Client's JSON result
   "user": {
   "class": "com.mycompany",
   "email": "",
   "firstName": "John",
   "lastName": "Doe",
   "phone": "555-1212"

The shallow deserialization is limited to: String, Date, Number, Boolean, Character, Enum, Object and null. Subclasses of Object will be serialized except for Collection or Arrays. Consequently, if the deserializer is unable to construct the object, an exception will be thrown.

All objects are built using an ObjectFactory during deserialization and each object must have a constructor that takes no arguments. Users can write their own factories and the library comes with many factories for types such as bytes, characters, dates, and so on. However, an integer object factory is nonexistent. Here’s mine:

public class IntObjectFactory implements ObjectFactory {

	/* (non-Javadoc)
	 * @see flexjson.ObjectFactory#instantiate(flexjson.ObjectBinder,

	public Object instantiate(ObjectBinder context,
                                  Object value,
                                  Type targetType,
                                  Class targetClass) {
		 if( value instanceof Number ) {
	            return ((Number)value).intValue();
	        } else {
	            throw context.

It was so easy to write, I’m not sure why is wasn’t included in the shipped version.

Lastly, here’s how to use the factory during deserialization:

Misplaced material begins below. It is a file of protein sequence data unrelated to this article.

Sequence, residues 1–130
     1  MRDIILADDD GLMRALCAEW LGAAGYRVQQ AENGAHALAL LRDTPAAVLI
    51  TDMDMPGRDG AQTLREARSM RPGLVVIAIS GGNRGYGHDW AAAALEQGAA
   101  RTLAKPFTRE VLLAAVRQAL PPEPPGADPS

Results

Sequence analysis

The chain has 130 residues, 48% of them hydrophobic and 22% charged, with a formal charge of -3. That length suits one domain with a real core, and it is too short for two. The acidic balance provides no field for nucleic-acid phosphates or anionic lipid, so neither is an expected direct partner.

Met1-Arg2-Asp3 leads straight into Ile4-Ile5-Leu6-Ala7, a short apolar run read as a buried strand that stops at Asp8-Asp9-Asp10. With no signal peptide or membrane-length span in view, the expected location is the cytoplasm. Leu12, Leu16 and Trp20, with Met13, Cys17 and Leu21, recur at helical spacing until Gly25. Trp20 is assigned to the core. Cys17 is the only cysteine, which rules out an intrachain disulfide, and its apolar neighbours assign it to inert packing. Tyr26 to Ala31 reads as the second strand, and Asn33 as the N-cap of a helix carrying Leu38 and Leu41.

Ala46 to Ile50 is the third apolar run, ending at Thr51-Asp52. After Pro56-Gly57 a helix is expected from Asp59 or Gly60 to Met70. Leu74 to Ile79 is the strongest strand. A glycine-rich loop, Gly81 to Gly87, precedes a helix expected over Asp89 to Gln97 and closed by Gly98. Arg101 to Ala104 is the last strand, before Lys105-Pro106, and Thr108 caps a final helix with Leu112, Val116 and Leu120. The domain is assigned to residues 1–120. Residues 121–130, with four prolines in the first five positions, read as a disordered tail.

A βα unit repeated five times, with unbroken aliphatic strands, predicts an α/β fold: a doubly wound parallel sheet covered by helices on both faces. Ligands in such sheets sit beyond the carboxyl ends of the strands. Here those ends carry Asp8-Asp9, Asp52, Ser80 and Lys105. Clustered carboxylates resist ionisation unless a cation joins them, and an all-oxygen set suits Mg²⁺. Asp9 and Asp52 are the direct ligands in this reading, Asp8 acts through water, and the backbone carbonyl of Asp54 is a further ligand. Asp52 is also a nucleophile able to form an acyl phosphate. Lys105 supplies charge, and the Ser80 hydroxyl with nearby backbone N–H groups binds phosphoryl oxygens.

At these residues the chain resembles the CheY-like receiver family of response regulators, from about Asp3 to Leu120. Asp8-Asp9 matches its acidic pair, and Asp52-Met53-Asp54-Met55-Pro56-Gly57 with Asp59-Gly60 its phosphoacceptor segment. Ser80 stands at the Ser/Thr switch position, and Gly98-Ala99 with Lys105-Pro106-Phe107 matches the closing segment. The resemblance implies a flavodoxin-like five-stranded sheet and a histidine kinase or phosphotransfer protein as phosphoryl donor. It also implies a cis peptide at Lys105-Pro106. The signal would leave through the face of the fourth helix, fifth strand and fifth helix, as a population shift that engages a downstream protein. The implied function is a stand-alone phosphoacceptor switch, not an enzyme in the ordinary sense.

JSONDeserializer<Map<String, List<SomeObject>>> deserializer =
       new JSONDeserializer<Map<String, List<SomeObject>>>();

Map<String, List<SomeObject>> members =
       new IntObjectFactory()).deserialize(returnValue);

For more info check out the Flexjson home page here:

RESTful Serialization with Flexjson

Java SSL: How to accept a self-signed certificate

I’ve been working on a RESTful API for use on computers and mobile devices. I have a JUnit test case that connects to the URLs and reads the responses. Given the nature of the data being transferred back and forth, I enabled SSL on the web server using a self-signed certificate I generated using Java’s keytool.

keytool -genkey -alias <hostname> -keyalg RSA

This is where my problems began. My test case is using HTTP, so I needed to refactor it to use the HTTPS protocol. Unbeknownst to me, accepting SSL connections from self-signed certificates is non-trivial, especially if you want to do it right. There is copious advice on the inter-web about how to accept any certificate. I’m not keen on that approach; therefore, I set out to find the correct way.

Without a decent Java security reference handy, I surfed the internet for answers. I found partial code snippets on stackoverflow and Example Depot. In a nutshell, I found that you need an instance of a SSLSocketFactory to set in a HttpsURLConnection. Here’s how:

// Load the keystore in the user's home directory
File file = new File(System.getProperty("user.home") + File.separatorChar + ".keystore");
FileInputStream fis = null;
KeyStore keyStore = null;

fis = new FileInputStream(file);
keyStore = KeyStore.getInstance(KeyStore.getDefaultType());
keyStore.load(fis, keystorePassword.toCharArray());

TrustManagerFactory tmf;

tmf = TrustManagerFactory.getInstance(TrustManagerFactory.getDefaultAlgorithm());
SSLContext ctx = SSLContext.getInstance("TLS");